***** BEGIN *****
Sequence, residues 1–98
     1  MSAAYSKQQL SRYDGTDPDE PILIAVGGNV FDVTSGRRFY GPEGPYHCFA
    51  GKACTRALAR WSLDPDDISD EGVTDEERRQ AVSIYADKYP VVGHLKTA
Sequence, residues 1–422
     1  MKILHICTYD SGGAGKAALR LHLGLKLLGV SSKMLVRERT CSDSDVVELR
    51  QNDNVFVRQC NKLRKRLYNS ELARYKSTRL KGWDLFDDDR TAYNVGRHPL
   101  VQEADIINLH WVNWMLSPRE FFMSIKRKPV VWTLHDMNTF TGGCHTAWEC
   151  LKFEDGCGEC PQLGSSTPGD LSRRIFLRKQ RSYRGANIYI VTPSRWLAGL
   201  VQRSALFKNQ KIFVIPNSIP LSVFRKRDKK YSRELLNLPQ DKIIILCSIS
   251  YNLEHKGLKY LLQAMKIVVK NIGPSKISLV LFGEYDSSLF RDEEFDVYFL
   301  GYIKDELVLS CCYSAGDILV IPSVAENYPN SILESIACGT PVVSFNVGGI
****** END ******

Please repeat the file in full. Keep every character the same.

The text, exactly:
Sequence, residues 1–98
     1  MSAAYSKQQL SRYDGTDPDE PILIAVGGNV FDVTSGRRFY GPEGPYHCFA
    51  GKACTRALAR WSLDPDDISD EGVTDEERRQ AVSIYADKYP VVGHLKTA
Sequence, residues 1–422
     1  MKILHICTYD SGGAGKAALR LHLGLKLLGV SSKMLVRERT CSDSDVVELR
    51  QNDNVFVRQC NKLRKRLYNS ELARYKSTRL KGWDLFDDDR TAYNVGRHPL
   101  VQEADIINLH WVNWMLSPRE FFMSIKRKPV VWTLHDMNTF TGGCHTAWEC
   151  LKFEDGCGEC PQLGSSTPGD LSRRIFLRKQ RSYRGANIYI VTPSRWLAGL
   201  VQRSALFKNQ KIFVIPNSIP LSVFRKRDKK YSRELLNLPQ DKIIILCSIS
   251  YNLEHKGLKY LLQAMKIVVK NIGPSKISLV LFGEYDSSLF RDEEFDVYFL
   301  GYIKDELVLS CCYSAGDILV IPSVAENYPN SILESIACGT PVVSFNVGGI